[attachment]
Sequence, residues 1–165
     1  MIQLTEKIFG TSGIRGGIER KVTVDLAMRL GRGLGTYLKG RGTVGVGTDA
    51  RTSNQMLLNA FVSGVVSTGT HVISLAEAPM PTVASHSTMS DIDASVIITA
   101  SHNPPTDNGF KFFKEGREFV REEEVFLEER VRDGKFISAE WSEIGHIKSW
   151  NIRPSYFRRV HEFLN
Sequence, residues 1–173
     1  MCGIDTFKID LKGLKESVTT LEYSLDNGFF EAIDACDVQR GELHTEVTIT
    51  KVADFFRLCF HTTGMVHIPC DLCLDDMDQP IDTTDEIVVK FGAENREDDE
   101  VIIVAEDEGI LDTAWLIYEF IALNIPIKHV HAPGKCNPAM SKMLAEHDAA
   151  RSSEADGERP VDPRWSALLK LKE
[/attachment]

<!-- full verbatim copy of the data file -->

Sequence, residues 1–165
     1  MIQLTEKIFG TSGIRGGIER KVTVDLAMRL GRGLGTYLKG RGTVGVGTDA
    51  RTSNQMLLNA FVSGVVSTGT HVISLAEAPM PTVASHSTMS DIDASVIITA
   101  SHNPPTDNGF KFFKEGREFV REEEVFLEER VRDGKFISAE WSEIGHIKSW
   151  NIRPSYFRRV HEFLN
Sequence, residues 1–173
     1  MCGIDTFKID LKGLKESVTT LEYSLDNGFF EAIDACDVQR GELHTEVTIT
    51  KVADFFRLCF HTTGMVHIPC DLCLDDMDQP IDTTDEIVVK FGAENREDDE
   101  VIIVAEDEGI LDTAWLIYEF IALNIPIKHV HAPGKCNPAM SKMLAEHDAA
   151  RSSEADGERP VDPRWSALLK LKE